Albumin Infusions Improved Cognition, QOL in Patients with Minimal HE

Albumin infusions can improve cognitive function and quality of life in patients with cirrhosis, current minimal HE, or prior HE.

Compared with placebo, albumin infusions improved cognitive impairments and quality of life (QOL) in patients with symptoms of minimal hepatic encephalopathy (MHE), according to findings published in the Journal of Hepatology.

Researchers conducted a randomized, placebo-controlled trial from August 2018 to May 2022 with interruption during 2020 due to the COVID pandemic. Forty-eight patients with cirrhosis with prior history of HE and current minimal HE (MHE) and hypoalbuminemia were randomly assigned to 2 groups — the albumin treatment group, who received 25% intravenous albumin dosed at 1.5g/kg and administered once per week for 5 weeks and the placebo group, who received an equivalent saline dose.

The researchers analyzed the data they obtained to determine the effect of IV albumin infusions compared with placebo on MHE symptoms and QOL.

Researchers assessed patient cognitive impairment using the Psychometric Hepatic Encephalopathy Score (PHES<4), the Stroop test based on OffTime and OnTime norms, and the Critical Flicker Frequency (CFF <39Hz).

Researchers also assessed QOL using the Sickness Impact Profile (SIP) and performed serological testing for inflammatory factors, endothelial dysfunction, and ischemia-modified albumin (IMA) levels. Assessments occurred at baseline, the end of drug (EOD) administration at week 5, and the end of the study (EOS) 1 week later at week 6.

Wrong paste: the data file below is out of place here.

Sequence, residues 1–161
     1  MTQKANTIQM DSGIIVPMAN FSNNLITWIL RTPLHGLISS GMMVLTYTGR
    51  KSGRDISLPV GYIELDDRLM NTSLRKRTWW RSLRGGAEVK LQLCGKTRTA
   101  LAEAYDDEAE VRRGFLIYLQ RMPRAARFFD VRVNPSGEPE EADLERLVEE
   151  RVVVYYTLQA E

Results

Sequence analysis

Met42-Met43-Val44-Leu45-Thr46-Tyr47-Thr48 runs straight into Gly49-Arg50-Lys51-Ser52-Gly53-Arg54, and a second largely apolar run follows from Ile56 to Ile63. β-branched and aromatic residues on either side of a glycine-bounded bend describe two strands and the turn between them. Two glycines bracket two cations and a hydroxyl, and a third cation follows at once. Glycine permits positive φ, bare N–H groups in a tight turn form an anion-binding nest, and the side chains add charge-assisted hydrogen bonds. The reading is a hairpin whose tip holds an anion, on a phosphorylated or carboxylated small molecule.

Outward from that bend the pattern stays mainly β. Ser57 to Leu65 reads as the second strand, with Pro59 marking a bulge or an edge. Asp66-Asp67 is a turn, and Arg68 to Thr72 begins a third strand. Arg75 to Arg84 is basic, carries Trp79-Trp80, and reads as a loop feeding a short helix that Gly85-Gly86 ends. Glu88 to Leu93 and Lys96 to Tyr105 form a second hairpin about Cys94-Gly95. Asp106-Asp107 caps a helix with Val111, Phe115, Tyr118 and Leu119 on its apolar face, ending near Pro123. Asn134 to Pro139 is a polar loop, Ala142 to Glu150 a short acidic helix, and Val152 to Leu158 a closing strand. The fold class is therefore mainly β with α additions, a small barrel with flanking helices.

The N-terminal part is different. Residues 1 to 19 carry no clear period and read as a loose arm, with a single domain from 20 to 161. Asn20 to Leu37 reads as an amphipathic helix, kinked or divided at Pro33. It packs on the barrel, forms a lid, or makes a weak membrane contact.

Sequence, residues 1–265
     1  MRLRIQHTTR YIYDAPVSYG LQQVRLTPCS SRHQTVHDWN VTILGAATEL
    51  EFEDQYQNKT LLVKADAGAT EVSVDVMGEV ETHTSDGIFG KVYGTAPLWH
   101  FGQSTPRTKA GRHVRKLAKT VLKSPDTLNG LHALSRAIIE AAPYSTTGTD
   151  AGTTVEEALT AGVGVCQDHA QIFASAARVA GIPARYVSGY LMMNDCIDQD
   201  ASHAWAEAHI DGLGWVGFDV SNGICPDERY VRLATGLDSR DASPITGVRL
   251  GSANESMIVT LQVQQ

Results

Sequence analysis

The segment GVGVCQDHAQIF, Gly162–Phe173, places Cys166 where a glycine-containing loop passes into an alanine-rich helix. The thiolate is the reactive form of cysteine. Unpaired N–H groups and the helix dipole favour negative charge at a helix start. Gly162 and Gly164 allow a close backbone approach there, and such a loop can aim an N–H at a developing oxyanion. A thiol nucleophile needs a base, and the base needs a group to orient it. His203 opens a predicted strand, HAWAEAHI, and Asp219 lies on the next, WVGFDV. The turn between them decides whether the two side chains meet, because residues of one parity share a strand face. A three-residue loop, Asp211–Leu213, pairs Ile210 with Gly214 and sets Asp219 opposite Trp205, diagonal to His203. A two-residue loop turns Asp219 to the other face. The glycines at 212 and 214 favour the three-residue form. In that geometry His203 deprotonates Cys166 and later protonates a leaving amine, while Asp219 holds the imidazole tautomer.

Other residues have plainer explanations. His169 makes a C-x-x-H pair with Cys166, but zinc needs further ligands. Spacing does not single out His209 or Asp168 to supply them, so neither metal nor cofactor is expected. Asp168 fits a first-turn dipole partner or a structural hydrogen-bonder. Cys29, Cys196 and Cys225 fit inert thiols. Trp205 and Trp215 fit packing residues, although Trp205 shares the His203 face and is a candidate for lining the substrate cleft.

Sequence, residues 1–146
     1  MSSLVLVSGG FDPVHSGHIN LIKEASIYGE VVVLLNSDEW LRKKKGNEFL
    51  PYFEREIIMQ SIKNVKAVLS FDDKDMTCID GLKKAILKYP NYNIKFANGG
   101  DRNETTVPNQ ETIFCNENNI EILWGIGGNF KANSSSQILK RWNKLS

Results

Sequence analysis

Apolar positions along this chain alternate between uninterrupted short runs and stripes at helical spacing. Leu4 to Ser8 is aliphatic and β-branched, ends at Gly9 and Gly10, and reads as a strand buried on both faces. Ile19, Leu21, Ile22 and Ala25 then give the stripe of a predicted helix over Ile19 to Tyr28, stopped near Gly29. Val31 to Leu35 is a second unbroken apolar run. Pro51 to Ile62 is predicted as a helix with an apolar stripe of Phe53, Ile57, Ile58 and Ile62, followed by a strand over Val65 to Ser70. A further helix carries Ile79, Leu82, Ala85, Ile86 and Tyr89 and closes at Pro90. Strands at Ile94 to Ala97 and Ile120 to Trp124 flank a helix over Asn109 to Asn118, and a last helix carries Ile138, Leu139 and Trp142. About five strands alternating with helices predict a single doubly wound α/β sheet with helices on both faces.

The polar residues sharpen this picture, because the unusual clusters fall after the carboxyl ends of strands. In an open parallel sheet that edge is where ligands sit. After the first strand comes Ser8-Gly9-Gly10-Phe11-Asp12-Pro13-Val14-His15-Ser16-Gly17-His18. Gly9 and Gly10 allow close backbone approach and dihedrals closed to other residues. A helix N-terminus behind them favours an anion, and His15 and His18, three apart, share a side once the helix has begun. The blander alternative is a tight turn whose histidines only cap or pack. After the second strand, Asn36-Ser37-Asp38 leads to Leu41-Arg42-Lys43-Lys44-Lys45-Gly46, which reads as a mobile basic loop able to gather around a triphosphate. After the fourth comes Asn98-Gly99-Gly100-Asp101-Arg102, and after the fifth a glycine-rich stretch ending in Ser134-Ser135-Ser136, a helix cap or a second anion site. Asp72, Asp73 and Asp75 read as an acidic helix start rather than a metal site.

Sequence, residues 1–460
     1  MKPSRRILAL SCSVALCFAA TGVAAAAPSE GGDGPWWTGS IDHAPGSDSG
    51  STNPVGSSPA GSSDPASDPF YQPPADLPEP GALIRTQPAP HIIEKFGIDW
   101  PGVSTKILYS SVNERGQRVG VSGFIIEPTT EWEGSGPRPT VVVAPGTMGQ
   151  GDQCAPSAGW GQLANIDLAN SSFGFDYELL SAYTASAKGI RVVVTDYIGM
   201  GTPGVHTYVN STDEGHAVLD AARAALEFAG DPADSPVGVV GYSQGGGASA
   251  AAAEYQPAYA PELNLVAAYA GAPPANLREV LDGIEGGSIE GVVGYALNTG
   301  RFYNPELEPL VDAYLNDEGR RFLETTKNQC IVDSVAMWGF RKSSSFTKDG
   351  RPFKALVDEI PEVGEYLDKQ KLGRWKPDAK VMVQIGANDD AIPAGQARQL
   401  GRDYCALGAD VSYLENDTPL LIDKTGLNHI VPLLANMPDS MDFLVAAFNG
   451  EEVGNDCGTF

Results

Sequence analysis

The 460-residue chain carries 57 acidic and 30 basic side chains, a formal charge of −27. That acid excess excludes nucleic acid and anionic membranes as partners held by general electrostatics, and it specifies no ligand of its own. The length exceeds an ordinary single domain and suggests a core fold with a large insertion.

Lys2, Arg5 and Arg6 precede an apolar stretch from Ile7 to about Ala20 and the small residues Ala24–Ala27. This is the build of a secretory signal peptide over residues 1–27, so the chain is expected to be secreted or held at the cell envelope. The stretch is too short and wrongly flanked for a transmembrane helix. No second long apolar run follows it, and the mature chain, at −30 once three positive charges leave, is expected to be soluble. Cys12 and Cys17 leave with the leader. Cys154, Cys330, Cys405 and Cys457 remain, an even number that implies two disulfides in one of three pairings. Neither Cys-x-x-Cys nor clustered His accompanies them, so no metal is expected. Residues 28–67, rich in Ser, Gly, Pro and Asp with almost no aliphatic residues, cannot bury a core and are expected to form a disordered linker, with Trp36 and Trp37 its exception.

This improvement is accompanied by changes related to improvement in endothelial dysfunction, systemic inflammatory milieu, and albumin functionality.

Patients receiving the albumin infusions demonstrated increased albumin levels and decreased IMA levels at EOD administration and EOS compared with baseline levels and with the placebo group.

Improvement and reversal of MHE-related cognitive impairments as evidenced by the PHES and Stroop test (EncephalApp) scores occurred in approximately 29% and 71% of the patients, respectively. These effects persisted more in the albumin therapy group compared with the placebo group.

Those receiving albumin therapy also demonstrated and maintained improved QOL scores on the SIP total and psychosocial domains compared with the placebo group at weeks 5 and 6.

In the albumin group, the researchers observed significant serological reductions in the inflammatory cytokine, interleukin-1-beta (IL-1β), and endothelial dysfunction markers, including asymmetric dimethyl arginine (ADMA) and soluble intercellular adhesion molecule-1 (sICAM-1), at weeks 5 and 6.

“A 5-week course of albumin therapy improves cognitive performance and psychosocial health-related quality of life compared to placebo that persists up to a week after albumin discontinuation,” the study authors wrote. “This improvement is accompanied by changes related to improvement in endothelial dysfunction, systemic inflammatory milieu, and albumin functionality.”

Study limitations included the modest sample size, short follow-up duration, and lack of assessment of overt HE relapses and hospitalizations.


Fagan A, Gavis EA, Gallagher ML, et al. A double-blind randomized placebo-controlled trial of albumin in patients with hepatic encephalopathy: HEAL study. J Hepatol. Published online September 21, 2022:S0168-8278(22)03116-6. doi:10.1016/j.jhep.2022.09.009